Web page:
According to Anglicare’s 14th annual rental affordability snapshot, the rental market has hit its lowest point yet for people earning minimum wage, with affordability falling by half over the last year.
The snapshot analyses rental listing data from a single weekend and assesses whether the properties would be affordable for different types of households.
According to the report, there were only 45,895 rental listings across the country, the lowest number recorded in the 14 years Anglicare has prepared the snapshot. Between 2018 and 2021, the number of available rentals listed was consistently above 65,000.
- 345 rentals (0.8%) were affordable for a person earning a full-time minimum wage
- 162 rentals (0.4%) were affordable for a person on the Age Pension
- 66 rentals (0.1%) were affordable for a person on the Disability Support Pension
- 4 rentals, (0%) all sharehouses, were affordable for a person on JobSeeker
- 0 rentals (0%) were affordable for a person on Youth Allowance.
For the first time, the percentage of affordable listings for a full-time minimum wage earner has plummeted below 1%.
The situation is even worse for people on Centrelink payments, with less than 1% of rentals considered affordable for those on age or disability support pensions and 0% for those unemployed, even with rent assistance.
So what does this mean for renters in Australia?
The report examined 14 different types of households and found that no rental properties are considered affordable for single individuals on the government’s youth allowance payment, which pays between $332.90 and $720.40 per fortnight.
This means that even those receiving government support struggle to make ends meet when finding a place to live.
The situation is particularly dire for those receiving government support payments.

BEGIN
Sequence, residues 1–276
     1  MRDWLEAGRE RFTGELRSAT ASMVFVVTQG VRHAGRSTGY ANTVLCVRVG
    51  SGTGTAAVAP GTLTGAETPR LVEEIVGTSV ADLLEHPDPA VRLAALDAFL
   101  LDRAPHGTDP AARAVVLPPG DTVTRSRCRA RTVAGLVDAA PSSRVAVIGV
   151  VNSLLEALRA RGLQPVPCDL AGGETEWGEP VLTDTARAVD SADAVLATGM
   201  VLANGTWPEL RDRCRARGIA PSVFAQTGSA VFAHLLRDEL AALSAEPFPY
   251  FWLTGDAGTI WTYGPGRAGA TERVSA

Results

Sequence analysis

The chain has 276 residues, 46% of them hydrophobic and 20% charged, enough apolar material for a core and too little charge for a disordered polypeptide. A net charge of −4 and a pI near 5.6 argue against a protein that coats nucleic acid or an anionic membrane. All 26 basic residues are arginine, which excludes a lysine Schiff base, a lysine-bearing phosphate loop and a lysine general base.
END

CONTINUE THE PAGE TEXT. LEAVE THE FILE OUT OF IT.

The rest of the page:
For instance, the report found that just four properties were suitable for singles receiving JobSeeker, which currently pays a single person with no children $693.10 a fortnight. This means that most people on JobSeeker may struggle to find a place to live that they can afford.
The situation is similarly grim for pensioners, with just over 1% of rentals considered affordable for couples on the age pension and only 0.4% of the market suitable for single pensioners.
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The snapshot reveals that the problem is most acute in the Australian Capital Territory, where there were almost no affordable properties for most types of households.
This year’s snapshot produced the worst result for renters earning the minimum wage, with just 345 rentals (0.8%) considered affordable, a significant decline from last year’s 720 rentals (1.6%). The findings of the snapshot illustrate the dire state of Australia’s rental market and highlight the urgent need for solutions to address the affordability crisis.
The rental affordability crisis in Australia is a complex issue requiring a multifaceted approach.
Ms Chambers believes building social and affordable rentals is the best solution to the rental crisis. In a release on the Anglicare website, she argued that the private market is not meeting the needs of those with low incomes and that building more general homes will not solve the affordability issue.
Australia’s social housing shortfall has reached 640,000 homes, exacerbating rental stress for those in need. Ms Chambers called on the government to address this shortfall in the upcoming budget by building more social homes and ensuring everyone has access to safe and affordable housing.
Anglicare has proposed several solutions to help alleviate the problem. One of their key suggestions is to increase the rates of federal government payments, such as JobSeeker and Commonwealth Rent Assistance, to make rental properties more affordable for those on low incomes.